the-golem-and-the-jinniA jinni and a golem meet in New York… almost sounds like the set up for a bad joke. But, Helene Wecker’s novel The Golem and the Jinni is certainly no joke. It is an exciting story about two mythological creatures who happen to find themselves in the same part of New York City during the lateĀ 1800s. These two creatures have very different dispositions: the jinni is a fiery hothead while the golem struggles to keep her emotions buried deep within.

Neither creature is fully in control of their fate. Golems, by nature, are created to serve a master while the jinni, as is often the case, has been imprisoned against his will to serve others. By using these two creatures and how they interact both with one another and with the humans around them, Wecker touches on themes of free will and purpose in life that, because of the combined historical/fantastical setting, occurs organically. The story focuses on the fate of these two magical creatures and the people they interact with, but the messages of the novel are much deeper than a fantasy story implies.

What is Your Dangerous Idea? edited by John Brockman

what-is-your-dangerous-idea-book-by-john-brockman1After reading This Explains Everything, I’m now a bit addicted to the Edge.org series of books, in which John Brockman poses a question to some of the leading minds in the world. I quickly went through the second and am now on the third of these books.

The second, What is Your Dangerous Idea?, asks exactly that question: what idea do you have or do you think is dangerous? The meaning of dangerous is in the eye of the beholder, with some contributors discussing ideas that might be coming from science that might be taken in the wrong way by politicians or those who would repress others (such as innate differences in people in terms of abilities of various sorts) to ideas that would shatter the status quo (such as the discovery of alien life or the idea that we may soon be able to control our own evolution). Most of the ideas are very interesting and, as with the previous volume I read, thought provoking. Worth a read if for nothing else than to stir the mental juices and get one thinking about ideas that might not normally cross one’s mind. However, there is one set of ideas that I found particularly striking.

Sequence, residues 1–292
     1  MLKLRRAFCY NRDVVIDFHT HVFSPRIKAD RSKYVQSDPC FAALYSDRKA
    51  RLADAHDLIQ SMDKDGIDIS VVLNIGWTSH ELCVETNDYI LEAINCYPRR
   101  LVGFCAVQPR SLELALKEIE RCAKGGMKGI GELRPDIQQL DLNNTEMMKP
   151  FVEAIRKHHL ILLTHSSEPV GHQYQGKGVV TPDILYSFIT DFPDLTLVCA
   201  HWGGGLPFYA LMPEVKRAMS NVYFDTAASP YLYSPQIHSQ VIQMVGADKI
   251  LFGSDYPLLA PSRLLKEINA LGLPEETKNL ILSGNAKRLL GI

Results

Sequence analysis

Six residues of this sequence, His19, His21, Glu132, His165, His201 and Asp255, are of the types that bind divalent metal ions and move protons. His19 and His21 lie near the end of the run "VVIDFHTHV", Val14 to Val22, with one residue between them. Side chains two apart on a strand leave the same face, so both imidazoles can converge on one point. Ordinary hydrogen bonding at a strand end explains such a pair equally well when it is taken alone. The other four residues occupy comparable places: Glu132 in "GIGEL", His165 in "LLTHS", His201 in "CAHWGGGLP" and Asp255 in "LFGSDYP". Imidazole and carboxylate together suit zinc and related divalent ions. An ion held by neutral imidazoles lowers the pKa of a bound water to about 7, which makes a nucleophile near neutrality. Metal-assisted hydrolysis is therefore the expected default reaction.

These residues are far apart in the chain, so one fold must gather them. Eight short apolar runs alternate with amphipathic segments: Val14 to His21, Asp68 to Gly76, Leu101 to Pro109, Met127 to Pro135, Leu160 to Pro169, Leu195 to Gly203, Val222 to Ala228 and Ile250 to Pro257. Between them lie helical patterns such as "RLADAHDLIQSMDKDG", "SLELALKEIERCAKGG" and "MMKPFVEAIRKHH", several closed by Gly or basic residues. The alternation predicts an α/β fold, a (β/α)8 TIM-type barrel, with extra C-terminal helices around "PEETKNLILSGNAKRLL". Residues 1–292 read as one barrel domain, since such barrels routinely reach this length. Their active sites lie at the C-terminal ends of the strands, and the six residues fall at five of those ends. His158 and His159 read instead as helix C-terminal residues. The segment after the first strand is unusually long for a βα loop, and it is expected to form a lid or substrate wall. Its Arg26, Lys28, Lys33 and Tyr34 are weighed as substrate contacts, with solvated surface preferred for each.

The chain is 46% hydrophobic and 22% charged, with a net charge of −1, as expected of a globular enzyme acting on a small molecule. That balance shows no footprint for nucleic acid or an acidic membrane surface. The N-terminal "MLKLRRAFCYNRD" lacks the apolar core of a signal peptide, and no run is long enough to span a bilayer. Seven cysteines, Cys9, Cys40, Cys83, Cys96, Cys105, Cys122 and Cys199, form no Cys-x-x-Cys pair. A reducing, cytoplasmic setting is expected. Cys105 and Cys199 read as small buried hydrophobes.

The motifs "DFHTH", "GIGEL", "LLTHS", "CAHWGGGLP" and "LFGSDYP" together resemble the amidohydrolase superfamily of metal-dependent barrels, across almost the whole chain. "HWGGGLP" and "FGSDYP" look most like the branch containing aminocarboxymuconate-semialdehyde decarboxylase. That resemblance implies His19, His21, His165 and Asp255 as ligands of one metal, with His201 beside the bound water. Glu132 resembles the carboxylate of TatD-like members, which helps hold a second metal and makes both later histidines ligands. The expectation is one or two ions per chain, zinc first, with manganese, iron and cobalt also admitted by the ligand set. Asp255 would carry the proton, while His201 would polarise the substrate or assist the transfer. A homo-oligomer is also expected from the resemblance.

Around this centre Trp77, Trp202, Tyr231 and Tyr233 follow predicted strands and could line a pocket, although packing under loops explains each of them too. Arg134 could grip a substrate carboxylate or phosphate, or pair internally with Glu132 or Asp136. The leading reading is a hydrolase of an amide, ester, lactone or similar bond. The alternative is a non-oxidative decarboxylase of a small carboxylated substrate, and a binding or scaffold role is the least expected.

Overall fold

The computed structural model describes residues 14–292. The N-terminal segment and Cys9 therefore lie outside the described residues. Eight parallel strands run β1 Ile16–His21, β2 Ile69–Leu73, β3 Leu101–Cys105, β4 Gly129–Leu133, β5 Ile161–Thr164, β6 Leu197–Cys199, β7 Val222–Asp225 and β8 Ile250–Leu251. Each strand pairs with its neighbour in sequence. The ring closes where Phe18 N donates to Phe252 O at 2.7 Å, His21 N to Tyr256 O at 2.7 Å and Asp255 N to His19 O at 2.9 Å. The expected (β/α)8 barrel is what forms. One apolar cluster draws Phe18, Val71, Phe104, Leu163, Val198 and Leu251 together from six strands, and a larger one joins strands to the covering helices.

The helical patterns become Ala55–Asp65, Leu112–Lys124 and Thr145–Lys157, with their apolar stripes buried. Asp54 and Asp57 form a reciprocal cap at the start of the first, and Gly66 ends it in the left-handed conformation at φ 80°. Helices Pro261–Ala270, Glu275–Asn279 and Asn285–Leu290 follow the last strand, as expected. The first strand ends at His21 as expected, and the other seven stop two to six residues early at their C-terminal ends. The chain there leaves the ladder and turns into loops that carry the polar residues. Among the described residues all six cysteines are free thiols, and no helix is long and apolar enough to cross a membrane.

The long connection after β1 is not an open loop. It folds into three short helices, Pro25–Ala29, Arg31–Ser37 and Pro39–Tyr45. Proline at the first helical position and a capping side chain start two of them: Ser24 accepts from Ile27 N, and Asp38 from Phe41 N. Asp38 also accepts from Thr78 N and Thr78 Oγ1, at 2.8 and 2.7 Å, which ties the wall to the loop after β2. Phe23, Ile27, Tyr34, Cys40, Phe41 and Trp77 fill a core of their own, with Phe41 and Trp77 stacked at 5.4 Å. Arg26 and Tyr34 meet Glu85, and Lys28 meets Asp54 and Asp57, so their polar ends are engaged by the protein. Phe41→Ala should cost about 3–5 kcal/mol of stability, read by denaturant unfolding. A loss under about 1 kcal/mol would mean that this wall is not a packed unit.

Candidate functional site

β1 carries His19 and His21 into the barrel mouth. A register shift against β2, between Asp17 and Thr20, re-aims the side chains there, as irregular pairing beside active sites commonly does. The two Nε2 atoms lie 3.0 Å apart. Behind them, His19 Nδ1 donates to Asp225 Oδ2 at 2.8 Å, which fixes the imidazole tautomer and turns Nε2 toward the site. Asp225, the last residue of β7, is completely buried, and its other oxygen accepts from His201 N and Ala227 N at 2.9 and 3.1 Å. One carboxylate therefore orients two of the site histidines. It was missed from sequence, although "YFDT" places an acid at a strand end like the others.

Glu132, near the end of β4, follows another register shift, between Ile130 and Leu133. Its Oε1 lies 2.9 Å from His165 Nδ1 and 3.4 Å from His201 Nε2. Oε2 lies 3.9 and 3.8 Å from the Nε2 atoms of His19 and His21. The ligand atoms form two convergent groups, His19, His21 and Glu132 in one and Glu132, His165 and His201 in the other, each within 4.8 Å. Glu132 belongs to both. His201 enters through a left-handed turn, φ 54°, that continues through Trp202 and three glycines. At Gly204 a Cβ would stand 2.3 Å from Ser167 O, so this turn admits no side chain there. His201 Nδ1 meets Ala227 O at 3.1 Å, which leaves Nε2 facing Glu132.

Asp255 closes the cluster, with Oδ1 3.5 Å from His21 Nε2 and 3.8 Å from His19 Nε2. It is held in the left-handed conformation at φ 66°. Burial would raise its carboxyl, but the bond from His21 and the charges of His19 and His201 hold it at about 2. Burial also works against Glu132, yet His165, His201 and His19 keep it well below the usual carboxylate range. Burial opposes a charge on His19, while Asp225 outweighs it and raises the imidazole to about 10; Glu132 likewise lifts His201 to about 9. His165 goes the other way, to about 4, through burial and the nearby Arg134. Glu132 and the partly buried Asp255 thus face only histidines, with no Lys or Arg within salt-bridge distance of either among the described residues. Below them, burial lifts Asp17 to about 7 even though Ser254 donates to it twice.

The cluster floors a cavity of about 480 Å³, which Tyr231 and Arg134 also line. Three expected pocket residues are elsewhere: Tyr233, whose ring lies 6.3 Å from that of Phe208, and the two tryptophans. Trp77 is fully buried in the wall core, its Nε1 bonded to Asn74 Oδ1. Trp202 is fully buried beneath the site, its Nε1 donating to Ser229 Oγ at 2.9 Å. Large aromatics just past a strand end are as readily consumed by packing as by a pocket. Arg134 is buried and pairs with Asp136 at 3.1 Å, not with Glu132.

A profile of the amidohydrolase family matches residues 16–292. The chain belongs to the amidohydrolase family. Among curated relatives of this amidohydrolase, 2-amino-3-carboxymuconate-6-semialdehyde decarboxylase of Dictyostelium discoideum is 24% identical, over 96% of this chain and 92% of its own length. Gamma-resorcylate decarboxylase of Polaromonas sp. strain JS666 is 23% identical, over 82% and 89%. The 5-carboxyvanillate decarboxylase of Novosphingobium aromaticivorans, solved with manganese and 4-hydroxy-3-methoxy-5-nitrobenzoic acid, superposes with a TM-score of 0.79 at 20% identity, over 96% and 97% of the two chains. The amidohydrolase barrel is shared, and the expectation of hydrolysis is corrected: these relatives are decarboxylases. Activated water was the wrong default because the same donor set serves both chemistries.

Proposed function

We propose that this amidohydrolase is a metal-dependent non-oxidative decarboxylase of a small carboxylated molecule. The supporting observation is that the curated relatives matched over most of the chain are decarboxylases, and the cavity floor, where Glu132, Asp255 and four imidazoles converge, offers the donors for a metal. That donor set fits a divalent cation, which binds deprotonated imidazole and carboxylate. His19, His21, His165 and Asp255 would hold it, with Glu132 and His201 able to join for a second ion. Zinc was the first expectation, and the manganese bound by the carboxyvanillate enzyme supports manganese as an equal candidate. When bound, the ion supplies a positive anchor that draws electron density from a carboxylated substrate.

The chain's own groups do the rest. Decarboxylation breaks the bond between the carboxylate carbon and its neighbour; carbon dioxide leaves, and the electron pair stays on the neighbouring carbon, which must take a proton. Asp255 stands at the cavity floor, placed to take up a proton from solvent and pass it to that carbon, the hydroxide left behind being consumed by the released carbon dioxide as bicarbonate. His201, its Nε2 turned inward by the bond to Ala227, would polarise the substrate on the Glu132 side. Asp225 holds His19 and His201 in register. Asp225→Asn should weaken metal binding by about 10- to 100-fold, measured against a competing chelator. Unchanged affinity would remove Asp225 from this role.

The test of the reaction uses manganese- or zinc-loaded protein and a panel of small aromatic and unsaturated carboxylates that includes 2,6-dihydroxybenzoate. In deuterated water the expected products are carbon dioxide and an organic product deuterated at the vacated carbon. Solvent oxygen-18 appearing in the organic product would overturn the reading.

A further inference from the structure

The first relates to free will. In back-to-back essays, first Eric Kandel and then Clay Shirky touch on this. Kandel describes experiments in which the subconscious mind is measured to register activity before the conscious mind is aware it is about to do something. That is, if one were asked to move their finger, there is subconscious activity before the person has actually made the decision to move their finger (or, better said, is consciously aware of the decision). Shirky discusses how this has important consequences on how we interact with and are manipulated by advertisers and politicians, amongst others. In particular, he states “everyone from advertisers to political consultants increasingly understands, in voluminous biological detail, how to manipulate consciousness in ways that weaken our notion of free will.” (In a super-cool aside, it seems that Helmholtz, the famous physicist who was instrumental in the development of thermodynamics, was the discoverer of this subconscious activity.) The implication, really, is that advertisers and politicians know us better than we know ourselves, and know how to target messages to our subconscious, which is much more important for our decision making and behavior than we are ever aware. It is only through recognizing this and knowing how our subconscious responds to such stimuli that we have any hope of not being manipulated. Mahzarin Banaji sums this up nicely with a quote from Richard Dawkins: “Let us understand what our own selfish genes are up to, because we may then at least have a chance to upset their designs, something that no other species has ever aspired to do.”

Other essays touch on this theme. Richard Nisbett points out how “When our behavior is insufficiently justified, we move our beliefs into line with the behavior, so as to avoid the cognitive dissonance we would otherwise experience.” The bottom line: we really don’t know how we think, why we think what we think, or where our thoughts come from. Those that do and are willing to use that understanding can manipulate us without us even being aware.